Michael Eriksson's Blog

A Swede in Germany

A few thoughts on English and German language choices around men and women

leave a comment »

As I spotted when writing another text earlier today, my sources used phrases like “von Frauen und Männern” (“from women and men”), while I find it natural to stick to “men and women” in my own writings. As the situation in Germany is quite interesting (and highly unfortunate) a few words on these issues.

For starters, let us look at men and women in English:

Is it “men and women” or “women and men”, and why? Is it e.g. sexist to use the former or “progressive” to use the latter?

Looking at meaning and sentence logic, the order is irrelevant and it should (to those not subscribing to Feminist rhetoric or some extreme version of the Sapir–Whorf hypothesis) almost always be “men and women” for reasons of rhythm and smoothness—and it should be “ladies and gentlemen” for the same reason, not “gentlemen and ladies”.

Start by saying these phrases out loud a few times, and note how differently they feel. In particular, the human (or English?) ear tends to prefer* trochaic and iambic rhythms and something that allows a pattern of some sort to form. With “men and women”, we have two trochees (“MEN and WOmen”), but with “women and men” (“WOmen and MEN”) we have more random** syllables. The latter can be made to sound good, but would then require a sufficient rhythmic context (or, possibly, an exaggerated pronunciation).

*But not to exclusion. For instance, the anapest (think Dr. Seuss) can be quite catching; for instance, cf. the dactyls below. To some part, I suspect, trochees and iambs are preferred because e.g. English is naturally filled with series of these or their approximations.

**It could be seen as a single choriamb, but four-syllable metrics are not usually applied (for good reasons) and there can be no pattern with just the one choriamb. It could also be seen as a trochee followed by an iamb, but this allows no pattern either, without a larger context.

Similarly, “ladies and gentlemen” is broadly* two dactyls (LAdies and GENtlemen”, while “gentlemen and ladies” is broadly* a dactyl followed by an amphibrach (“GENtlemen and LAdies”). (And a dactyl could, in this informal context, be seen as a “long” trochee.)

*I am not entirely certain whether to treat “gentle” as a single very long or as two separate syllables, as the final “e” is silent and the vowel sound of the “l” is weak or even optional. If two, there might be some dispute exactly how the main beat is to be placed. (Poetry-wise, I am an amateur. And, no, I do not have all of the Greek names memorized.) Then again, it can be disputed whether syllables or length/morae are more important, which would leave us with dactyl or “dactyloid” anyway. Of course, in the theatrical “Laaaaaaaaaaadies aaand geeeeeeeeeentlemen”, the two syllable version is almost bound to apply.

Then Germany:

Here the situation is much more complicated and unpoetic: a simple “Männer und Frauen” (two dactyls, again) compares slightly better than “Frauen und Männer” (another dactyl + amphibrach), but not as strongly as in the two English cases. (Possibly, because of flexibility in splitting the “aue” combination in “Frauen”. I take it as au-e, as the most likely syllables are “Frau” und “en” (with a diphthong “au”), but, with the added flexibility in the pronunciation, “Frauen” can be bent to fit other patterns.)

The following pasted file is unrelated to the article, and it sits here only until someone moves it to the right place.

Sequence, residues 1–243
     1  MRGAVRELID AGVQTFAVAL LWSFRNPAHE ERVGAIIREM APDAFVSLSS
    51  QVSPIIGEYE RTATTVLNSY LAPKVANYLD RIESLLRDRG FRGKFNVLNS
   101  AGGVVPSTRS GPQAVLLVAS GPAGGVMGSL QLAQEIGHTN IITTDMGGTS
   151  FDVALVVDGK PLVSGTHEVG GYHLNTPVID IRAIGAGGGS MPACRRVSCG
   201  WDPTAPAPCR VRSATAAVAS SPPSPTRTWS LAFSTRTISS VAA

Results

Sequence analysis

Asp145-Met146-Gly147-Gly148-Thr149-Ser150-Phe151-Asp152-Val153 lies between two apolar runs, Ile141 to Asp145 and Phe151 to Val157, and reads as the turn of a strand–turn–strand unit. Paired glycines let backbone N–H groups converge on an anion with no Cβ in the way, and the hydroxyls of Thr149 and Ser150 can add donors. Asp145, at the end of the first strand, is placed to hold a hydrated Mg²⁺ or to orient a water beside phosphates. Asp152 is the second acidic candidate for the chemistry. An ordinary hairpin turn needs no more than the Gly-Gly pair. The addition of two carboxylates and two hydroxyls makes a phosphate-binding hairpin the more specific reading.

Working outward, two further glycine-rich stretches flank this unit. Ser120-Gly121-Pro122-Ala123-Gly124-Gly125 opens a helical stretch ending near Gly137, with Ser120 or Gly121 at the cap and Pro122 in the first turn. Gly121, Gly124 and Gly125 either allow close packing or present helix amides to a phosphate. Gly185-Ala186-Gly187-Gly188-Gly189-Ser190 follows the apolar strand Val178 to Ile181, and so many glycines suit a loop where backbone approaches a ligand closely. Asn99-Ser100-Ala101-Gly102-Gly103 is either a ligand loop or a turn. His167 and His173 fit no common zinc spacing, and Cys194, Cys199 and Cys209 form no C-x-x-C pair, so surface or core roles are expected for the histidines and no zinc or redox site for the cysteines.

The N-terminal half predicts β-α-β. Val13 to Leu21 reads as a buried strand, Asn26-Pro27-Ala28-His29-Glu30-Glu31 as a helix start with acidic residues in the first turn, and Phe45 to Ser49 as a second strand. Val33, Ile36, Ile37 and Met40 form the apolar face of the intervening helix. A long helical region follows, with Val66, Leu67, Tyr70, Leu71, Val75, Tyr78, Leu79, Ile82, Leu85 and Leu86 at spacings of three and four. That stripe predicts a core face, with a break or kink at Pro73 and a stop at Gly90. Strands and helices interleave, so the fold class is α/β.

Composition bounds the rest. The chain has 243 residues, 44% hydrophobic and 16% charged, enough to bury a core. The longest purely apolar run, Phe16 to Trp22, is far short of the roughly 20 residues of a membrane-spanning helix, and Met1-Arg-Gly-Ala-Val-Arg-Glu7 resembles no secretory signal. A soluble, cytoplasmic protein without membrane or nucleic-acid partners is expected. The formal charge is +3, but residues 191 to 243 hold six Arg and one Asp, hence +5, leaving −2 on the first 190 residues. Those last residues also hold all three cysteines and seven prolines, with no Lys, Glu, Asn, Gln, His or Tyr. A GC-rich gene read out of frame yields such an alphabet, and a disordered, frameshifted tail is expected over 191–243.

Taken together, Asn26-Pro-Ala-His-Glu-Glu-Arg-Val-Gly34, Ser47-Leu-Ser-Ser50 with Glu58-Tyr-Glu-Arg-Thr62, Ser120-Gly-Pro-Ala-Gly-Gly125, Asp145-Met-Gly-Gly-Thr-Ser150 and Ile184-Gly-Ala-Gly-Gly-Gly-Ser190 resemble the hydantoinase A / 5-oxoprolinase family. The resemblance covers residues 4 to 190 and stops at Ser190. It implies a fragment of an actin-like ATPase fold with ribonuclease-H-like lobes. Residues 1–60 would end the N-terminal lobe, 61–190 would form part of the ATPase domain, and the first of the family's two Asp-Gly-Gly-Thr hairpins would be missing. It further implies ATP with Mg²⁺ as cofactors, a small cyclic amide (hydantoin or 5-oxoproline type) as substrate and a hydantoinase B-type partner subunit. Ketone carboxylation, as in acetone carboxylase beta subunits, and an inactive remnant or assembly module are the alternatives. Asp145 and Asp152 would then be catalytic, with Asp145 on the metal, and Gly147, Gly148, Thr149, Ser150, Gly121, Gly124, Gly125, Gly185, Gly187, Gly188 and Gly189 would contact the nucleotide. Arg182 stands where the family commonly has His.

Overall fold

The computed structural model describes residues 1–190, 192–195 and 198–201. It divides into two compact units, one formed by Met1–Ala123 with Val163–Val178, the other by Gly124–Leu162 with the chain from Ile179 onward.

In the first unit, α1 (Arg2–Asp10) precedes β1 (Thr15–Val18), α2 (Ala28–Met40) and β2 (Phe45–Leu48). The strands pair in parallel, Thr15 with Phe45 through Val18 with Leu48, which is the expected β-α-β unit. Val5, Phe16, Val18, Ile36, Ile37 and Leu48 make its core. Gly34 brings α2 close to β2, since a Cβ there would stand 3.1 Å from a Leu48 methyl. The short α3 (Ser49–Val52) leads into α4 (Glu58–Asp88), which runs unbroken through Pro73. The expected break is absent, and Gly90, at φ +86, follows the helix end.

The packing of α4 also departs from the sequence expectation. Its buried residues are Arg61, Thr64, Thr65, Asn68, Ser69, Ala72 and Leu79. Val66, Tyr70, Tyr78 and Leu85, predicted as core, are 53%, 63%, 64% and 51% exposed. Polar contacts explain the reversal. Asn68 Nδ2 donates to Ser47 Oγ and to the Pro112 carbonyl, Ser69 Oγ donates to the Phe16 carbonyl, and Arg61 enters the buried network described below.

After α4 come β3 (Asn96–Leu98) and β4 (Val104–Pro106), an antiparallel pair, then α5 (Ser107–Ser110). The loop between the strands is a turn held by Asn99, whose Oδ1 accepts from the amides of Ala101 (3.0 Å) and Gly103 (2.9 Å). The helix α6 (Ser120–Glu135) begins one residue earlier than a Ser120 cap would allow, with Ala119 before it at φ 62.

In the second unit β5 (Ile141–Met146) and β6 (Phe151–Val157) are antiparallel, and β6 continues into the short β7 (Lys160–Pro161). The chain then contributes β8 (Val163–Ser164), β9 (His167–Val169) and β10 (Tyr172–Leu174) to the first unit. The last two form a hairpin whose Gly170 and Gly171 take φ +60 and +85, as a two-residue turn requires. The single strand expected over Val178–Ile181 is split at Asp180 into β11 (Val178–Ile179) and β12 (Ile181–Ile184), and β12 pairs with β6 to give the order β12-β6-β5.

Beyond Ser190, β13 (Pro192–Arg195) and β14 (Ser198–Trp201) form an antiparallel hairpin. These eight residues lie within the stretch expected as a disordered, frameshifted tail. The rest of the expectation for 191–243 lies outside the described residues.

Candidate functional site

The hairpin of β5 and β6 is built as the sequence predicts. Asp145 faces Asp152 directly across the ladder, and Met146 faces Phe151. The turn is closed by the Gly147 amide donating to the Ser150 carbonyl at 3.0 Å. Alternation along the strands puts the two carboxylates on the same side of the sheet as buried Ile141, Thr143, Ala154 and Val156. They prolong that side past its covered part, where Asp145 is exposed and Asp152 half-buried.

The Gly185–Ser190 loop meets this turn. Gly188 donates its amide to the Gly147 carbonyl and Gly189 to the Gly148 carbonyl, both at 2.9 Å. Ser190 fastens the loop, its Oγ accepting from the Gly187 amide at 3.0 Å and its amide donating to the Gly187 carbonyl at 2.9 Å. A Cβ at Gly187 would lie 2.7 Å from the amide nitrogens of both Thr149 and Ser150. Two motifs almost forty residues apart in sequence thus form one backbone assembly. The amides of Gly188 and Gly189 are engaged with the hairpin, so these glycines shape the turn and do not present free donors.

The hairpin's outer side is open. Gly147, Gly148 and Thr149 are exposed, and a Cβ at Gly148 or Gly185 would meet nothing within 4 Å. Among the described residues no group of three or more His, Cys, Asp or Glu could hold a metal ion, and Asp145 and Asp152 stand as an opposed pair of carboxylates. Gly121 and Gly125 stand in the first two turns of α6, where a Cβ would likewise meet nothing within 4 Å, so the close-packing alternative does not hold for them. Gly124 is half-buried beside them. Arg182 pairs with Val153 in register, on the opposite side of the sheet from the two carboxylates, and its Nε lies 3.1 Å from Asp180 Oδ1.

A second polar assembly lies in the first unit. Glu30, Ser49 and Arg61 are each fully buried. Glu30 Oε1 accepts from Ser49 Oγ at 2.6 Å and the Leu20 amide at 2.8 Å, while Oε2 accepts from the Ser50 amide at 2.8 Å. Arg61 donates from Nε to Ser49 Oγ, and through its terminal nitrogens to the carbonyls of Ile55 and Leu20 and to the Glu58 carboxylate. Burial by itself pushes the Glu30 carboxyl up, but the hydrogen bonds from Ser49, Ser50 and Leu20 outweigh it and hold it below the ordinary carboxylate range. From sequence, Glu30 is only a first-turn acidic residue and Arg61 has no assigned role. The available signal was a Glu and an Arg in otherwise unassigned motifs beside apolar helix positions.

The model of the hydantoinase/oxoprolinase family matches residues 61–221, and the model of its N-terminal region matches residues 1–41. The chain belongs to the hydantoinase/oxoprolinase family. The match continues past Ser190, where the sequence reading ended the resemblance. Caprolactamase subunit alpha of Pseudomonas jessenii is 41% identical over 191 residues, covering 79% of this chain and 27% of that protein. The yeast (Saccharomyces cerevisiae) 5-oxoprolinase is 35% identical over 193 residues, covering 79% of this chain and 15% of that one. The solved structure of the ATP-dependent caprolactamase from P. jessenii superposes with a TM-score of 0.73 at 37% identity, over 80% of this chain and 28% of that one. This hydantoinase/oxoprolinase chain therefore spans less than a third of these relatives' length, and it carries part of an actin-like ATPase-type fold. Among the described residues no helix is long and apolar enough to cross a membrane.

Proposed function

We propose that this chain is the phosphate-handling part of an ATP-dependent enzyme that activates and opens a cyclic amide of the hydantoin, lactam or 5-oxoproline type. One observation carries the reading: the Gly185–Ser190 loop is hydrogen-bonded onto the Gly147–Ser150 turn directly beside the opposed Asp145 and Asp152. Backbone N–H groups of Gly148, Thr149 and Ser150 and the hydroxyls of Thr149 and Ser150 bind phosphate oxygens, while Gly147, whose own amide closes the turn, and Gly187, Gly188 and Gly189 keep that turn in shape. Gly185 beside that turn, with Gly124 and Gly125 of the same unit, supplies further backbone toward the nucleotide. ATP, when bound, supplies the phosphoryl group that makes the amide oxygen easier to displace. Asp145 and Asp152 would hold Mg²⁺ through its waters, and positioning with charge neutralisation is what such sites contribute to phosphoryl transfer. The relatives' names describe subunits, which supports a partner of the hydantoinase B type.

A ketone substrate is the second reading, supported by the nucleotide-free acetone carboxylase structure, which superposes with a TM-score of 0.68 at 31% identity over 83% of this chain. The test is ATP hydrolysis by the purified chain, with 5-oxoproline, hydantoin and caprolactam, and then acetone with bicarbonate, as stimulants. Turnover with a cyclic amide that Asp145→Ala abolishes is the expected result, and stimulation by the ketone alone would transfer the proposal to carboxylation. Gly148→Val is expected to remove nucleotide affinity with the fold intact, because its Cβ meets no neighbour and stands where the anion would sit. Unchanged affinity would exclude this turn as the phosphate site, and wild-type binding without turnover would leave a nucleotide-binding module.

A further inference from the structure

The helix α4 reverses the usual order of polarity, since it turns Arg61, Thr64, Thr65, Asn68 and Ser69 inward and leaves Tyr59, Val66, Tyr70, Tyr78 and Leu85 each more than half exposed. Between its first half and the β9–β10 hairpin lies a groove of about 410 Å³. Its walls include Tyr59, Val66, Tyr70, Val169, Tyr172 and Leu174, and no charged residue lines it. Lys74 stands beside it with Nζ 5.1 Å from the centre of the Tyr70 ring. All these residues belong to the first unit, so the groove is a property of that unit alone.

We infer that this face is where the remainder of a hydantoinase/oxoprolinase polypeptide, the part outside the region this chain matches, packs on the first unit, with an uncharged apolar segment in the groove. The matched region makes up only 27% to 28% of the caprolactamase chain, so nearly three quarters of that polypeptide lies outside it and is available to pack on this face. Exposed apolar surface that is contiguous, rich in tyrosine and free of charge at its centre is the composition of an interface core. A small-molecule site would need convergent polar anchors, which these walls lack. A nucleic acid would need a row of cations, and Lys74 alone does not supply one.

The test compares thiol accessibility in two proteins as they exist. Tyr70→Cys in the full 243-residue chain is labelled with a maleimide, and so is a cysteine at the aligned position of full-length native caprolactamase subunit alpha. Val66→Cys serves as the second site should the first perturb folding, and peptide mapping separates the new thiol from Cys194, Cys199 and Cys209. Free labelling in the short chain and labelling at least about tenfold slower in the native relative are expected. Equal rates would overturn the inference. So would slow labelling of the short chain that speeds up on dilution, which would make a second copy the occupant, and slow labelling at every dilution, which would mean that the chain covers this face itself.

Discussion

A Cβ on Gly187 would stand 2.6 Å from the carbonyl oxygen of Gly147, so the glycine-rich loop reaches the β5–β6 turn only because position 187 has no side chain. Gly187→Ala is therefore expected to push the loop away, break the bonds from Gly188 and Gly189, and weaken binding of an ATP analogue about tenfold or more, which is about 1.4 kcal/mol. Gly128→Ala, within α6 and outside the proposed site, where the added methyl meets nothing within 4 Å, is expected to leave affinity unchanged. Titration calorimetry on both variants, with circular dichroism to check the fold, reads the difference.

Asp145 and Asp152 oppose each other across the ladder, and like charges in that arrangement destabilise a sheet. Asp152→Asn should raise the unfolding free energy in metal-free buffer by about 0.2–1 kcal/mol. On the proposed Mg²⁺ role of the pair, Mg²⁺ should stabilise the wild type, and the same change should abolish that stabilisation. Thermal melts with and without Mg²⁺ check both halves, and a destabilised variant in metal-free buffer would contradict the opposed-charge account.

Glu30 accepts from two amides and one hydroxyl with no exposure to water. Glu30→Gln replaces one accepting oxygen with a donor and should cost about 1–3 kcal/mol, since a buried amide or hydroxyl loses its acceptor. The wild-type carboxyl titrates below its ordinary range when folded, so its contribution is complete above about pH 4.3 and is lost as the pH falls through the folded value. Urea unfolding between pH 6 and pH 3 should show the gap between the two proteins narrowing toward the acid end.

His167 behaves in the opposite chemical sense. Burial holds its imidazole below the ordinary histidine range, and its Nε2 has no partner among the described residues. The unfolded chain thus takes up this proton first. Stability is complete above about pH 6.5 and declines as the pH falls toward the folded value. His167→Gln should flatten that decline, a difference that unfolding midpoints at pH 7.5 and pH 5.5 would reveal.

However, if we look at current German use, we are bombarded with phrases like “Bäckerinnen und Bäcker” (“[female] bakers and [male] bakers”), “BäckerInnen” (artificial word presuming to include both sexes; note capitalization of the internal “I”), and “Bäcker*innen” (ditto; note non-footnote star in the middle).

Here poetry is usually beside the point and other concerns apply, the most notable that these attempts at “gender-inclusive” language are entirely unnecessary in almost all contexts: “Bäcker”, like most* similar male-seeming plurals, is epicene, i.e. can refer to members of both sexes. Ditto the singular in a generic context, where a baker of unknown sex might be referred to as “der Bäcker”, but the known woman would be “die Bäckerin”. This does bring some ambiguity, in that some contexts leave it open whether a certain group is single-sex or not, but in most the “not” can be taken for granted and in many it does not matter.** The same applies, obviously, to the basic English “baker” and “bakers”, because there are no even optional female forms for most “traditionally male” professions (and vice versa). Indeed, many of the problems with Feminist language manipulation go back to the refusal to consider the epicene enough—actual “social” neutrality*** is needed. (Hence, e.g. the rejection of the epicene generic “he” in favor of the neutral or quasi-neutral generic “they”, even at the price of switching from singular to plural.) It is the odder in German, however, where epicenity is very wide spread, including cases where a man is legitimately referred to as “she”. (A more extensive discussion of this in German is present in an older text on gender-neutral language. This text is also relevant to some other points.)